Colorectal cancer is caused by a growth that starts in the colon or rectum of the large intestine and may spread. The large intestine is part of the digestive tract.
In October 1998, New York Yankees outfielder Darryl Strawberry had pain in his stomach and went to see his doctor. Surprisingly, the cause turned out to be colon cancer. Many people believe colon cancer affects only older people or only men, but anyone can get the disease. The American Cancer Society estimated that there would be more than 111,000 new cases of colorectal cancer diagnosed in 2015. Colorectal cancer is the second leading cause of cancer death, with 49,700 Americans expected to die from this disease in 2015. However, rates of death have been declining for 20 years. When discovered early, colorectal cancer is frequently curable, and most deaths could have been prevented by early screening and follow-up medical care. Colon cancer is not contagious.
Colorectal cancer begins in either the colon or the rectum. Both are part of the digestive tract, which consists of a series of tubes and organs that process food. Digestion begins in the stomach. From the stomach, partly digested food passes into the small intestine, the longest section of the digestive tract, which absorbs most of the nutrients. The food then continues into the large intestine (the colon), which is a muscular tube approximately five feet long. In the colon, the remaining water and nutrients are extracted from the food and the remaining matter is stored as waste. The waste moves from the colon into the rectum and then passes through the anus and out of the body during a bowel movement.
Colorectal cancer does not happen suddenly. It can take many years to develop, and it usually is preceded by changes in the lining of the colon or rectum that occur over several years. One of these changes is a growth of tissue into the center of the colon or rectum, called a polyp (POL-ip). Not all polyps develop into cancer; those that do are called neoplastic polyps, or neoplastic lesions. Removing a neoplastic polyp prevents it from later becoming cancerous. Moreover, not all colon cancer begins with polyps. In the case of hereditary nonpolyposis colon cancer, polyps do not form.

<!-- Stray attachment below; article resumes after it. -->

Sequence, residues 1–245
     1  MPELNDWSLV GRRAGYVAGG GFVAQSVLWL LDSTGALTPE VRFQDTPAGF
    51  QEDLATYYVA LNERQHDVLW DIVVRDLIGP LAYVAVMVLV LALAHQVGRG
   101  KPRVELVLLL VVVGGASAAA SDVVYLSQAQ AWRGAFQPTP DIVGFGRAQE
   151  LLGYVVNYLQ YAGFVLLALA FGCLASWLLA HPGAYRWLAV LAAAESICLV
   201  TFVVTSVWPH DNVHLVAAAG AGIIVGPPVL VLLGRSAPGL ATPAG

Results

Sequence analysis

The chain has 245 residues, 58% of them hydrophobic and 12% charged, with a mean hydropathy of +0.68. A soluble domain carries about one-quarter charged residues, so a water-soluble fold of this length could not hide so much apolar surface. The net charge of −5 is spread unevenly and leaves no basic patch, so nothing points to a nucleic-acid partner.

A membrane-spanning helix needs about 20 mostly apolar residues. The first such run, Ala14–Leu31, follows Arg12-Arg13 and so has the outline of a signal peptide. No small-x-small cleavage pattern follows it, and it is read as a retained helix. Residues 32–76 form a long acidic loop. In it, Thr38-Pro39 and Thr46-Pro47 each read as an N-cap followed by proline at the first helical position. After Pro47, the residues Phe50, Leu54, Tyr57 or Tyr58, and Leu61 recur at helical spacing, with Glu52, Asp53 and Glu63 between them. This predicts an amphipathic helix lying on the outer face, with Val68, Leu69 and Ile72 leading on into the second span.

Darryl Strawberry had gnawing pains in his abdomen * , and these pains caused him to go to the doctor. Another symptom is a change in bowel habits, for example, diarrhea or constipation that lasts for more than a few days. Individuals might feel the need to have a bowel movement even after they have had one or they might notice bleeding from the rectum or blood in the stool. Some people, however, have no noticeable symptoms.
Just because people have symptoms does not mean that they have colorectal cancer. The only way to be sure is to have a medical examination. It also is possible for people to have colon or rectal cancer and not have any symptoms. Because older people are more likely to develop colorectal cancer, medical professionals recommend that all